The American eels in the Charles River are a source of great fun and endless fascination for the explorers we work with at Community Boating. Just knowing and seeing these strange creatures in the river where they sail is astounding to some of the campers. Some think their slimy, slithering bodies are gross, but they can’t help but be mesmerized by the site of them in our touch tank. After a little encouragement, or a dare from a friend, a cautious hand will reach in to feel the slippery eels, and usually jerk out with a cry of “Eww!”
|The biggest eel we've caught slipping out of Luke's hands|
One explorer was particularly disgusted on Tuesday when we had eight relatively small eels in out touch tank. He kept walking by and shaking his head while saying they were really gross. Naturally, we wanted to encourage him to get to know an eel or two before judging them so harshly. Eels are amazing creatures that make a long journey to breed in the ocean and then spend the rest of their lives in freshwater.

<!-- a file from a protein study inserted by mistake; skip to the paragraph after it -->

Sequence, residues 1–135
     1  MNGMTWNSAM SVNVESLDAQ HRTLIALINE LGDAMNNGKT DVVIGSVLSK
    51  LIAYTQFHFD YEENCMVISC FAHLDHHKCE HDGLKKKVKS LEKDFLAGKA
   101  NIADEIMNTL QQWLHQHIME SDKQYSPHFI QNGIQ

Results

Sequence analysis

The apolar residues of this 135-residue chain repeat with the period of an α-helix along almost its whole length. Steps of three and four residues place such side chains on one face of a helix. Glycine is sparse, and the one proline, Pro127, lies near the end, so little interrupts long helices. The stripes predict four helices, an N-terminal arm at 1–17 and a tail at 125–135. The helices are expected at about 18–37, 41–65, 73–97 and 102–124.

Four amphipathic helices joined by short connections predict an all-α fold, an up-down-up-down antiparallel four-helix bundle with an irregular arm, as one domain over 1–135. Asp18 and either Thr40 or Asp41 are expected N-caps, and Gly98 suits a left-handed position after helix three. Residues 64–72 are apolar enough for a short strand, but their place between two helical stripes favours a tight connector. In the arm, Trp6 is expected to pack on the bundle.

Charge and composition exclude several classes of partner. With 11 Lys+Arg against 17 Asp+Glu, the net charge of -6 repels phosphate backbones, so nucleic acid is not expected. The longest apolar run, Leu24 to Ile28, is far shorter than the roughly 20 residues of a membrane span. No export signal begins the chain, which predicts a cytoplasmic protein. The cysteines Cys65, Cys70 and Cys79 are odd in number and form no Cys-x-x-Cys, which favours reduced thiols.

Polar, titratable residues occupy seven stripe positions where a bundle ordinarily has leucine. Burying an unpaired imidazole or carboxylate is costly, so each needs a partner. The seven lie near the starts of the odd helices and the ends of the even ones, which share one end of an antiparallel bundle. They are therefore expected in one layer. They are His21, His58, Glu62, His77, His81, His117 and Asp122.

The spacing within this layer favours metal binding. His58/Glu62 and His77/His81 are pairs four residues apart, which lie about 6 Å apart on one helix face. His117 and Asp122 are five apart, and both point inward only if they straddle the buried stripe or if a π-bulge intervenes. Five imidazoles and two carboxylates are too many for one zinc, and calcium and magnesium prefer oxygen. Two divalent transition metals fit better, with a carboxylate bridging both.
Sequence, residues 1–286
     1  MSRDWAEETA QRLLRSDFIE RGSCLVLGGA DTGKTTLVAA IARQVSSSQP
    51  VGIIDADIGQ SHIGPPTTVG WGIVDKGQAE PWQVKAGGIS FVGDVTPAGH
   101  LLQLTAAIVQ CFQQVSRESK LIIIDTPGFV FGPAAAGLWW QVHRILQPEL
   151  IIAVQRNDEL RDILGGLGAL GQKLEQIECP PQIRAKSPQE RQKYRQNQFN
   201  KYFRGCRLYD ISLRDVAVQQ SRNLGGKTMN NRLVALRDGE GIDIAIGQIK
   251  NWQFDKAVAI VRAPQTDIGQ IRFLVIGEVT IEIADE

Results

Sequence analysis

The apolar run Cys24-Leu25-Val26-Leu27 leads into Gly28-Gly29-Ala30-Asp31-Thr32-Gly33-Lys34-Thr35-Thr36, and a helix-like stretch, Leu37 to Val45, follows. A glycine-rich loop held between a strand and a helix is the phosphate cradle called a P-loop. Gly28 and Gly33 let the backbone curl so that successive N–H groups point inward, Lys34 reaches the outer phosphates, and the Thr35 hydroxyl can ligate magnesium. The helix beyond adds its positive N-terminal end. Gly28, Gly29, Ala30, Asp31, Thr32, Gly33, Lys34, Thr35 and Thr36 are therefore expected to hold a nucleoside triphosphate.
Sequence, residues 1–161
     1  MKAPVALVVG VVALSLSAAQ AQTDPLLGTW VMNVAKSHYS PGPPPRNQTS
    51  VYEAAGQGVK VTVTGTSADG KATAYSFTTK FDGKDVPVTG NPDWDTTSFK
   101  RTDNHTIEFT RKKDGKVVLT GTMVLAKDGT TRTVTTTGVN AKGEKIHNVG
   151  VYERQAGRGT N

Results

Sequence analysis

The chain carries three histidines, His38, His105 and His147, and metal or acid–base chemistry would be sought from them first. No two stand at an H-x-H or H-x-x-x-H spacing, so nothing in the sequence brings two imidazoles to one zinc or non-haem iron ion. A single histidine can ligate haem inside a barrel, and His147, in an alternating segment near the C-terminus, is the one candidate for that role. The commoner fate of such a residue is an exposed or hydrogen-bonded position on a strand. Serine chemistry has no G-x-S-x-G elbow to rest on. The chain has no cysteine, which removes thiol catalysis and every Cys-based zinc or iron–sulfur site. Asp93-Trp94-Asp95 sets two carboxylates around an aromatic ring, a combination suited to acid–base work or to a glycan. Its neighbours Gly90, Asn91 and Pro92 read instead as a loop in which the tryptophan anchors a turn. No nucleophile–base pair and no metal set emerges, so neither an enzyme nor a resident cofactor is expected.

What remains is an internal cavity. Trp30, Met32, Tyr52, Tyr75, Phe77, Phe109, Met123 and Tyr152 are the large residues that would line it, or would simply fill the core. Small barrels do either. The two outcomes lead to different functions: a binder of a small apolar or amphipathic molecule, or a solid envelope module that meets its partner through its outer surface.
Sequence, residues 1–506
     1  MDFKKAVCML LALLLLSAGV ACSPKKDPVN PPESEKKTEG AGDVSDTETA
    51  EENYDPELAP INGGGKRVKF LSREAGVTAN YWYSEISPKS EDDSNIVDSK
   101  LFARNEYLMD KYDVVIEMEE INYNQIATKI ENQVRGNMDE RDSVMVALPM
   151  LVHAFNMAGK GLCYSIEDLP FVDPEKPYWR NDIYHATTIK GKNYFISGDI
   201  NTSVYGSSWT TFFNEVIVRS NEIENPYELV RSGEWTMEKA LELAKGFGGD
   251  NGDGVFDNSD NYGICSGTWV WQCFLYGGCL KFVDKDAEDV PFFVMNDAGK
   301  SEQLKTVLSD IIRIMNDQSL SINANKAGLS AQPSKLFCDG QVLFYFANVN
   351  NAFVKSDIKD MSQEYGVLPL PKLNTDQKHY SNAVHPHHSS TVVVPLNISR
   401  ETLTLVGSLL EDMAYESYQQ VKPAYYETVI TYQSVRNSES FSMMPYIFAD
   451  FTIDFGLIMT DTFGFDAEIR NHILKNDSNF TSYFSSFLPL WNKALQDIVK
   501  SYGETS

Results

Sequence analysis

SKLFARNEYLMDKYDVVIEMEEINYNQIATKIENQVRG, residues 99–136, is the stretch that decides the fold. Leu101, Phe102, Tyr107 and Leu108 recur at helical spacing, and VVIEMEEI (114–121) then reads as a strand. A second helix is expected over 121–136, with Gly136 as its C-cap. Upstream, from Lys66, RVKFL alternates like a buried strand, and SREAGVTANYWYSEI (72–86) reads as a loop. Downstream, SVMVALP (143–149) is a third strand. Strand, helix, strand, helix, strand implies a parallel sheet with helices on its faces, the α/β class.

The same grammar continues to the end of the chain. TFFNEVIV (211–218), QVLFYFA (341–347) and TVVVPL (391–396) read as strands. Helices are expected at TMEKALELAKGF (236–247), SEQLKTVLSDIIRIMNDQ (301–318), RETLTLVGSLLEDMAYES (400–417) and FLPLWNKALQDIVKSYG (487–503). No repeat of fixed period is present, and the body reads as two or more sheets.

|Eight eels and four fish|
Eventually we convinced our young friend to try to touch one and he was hooked. He had so many questions about eels and other animals in the river. When it was time for us to release the eels back into the river, this camper was more excited than anyone. He grabbed a net, because the eels are too slippery to release with your hands, and chose a nice big one to set free into the river.
|He let go of the net!|
He carefully walked it over the edge of the dock… and then flung the net to launch the eel into the water! In all the fun, he had let go of the net and the eel and the net both ended up in a sailboat. A helpful instructor from Community Boating fished out the eel with the net and the boy returned the eel to the river more gently.
|Fishing the eel out of the sailboat|
Of all the creatures we catch at Community Boating, the eels are everyone’s favorite. It’s really cool to be able to show these young sailors the animals that they share the river with.
See you on the river,